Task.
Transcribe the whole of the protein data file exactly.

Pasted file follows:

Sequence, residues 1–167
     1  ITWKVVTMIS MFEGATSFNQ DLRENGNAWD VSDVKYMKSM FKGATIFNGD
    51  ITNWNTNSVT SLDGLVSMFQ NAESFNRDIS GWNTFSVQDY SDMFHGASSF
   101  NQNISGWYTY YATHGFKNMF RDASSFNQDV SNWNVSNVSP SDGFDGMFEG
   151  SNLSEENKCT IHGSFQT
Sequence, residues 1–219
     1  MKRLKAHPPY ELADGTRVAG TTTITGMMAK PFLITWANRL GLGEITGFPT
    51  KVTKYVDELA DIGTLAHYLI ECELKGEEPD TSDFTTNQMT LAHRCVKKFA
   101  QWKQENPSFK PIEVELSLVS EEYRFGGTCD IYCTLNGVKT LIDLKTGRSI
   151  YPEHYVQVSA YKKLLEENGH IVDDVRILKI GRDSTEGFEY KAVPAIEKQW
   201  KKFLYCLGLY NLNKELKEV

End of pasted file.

Sequence, residues 1–167
     1  ITWKVVTMIS MFEGATSFNQ DLRENGNAWD VSDVKYMKSM FKGATIFNGD
    51  ITNWNTNSVT SLDGLVSMFQ NAESFNRDIS GWNTFSVQDY SDMFHGASSF
   101  NQNISGWYTY YATHGFKNMF RDASSFNQDV SNWNVSNVSP SDGFDGMFEG
   151  SNLSEENKCT IHGSFQT
Sequence, residues 1–219
     1  MKRLKAHPPY ELADGTRVAG TTTITGMMAK PFLITWANRL GLGEITGFPT
    51  KVTKYVDELA DIGTLAHYLI ECELKGEEPD TSDFTTNQMT LAHRCVKKFA
   101  QWKQENPSFK PIEVELSLVS EEYRFGGTCD IYCTLNGVKT LIDLKTGRSI
   151  YPEHYVQVSA YKKLLEENGH IVDDVRILKI GRDSTEGFEY KAVPAIEKQW
   201  KKFLYCLGLY NLNKELKEV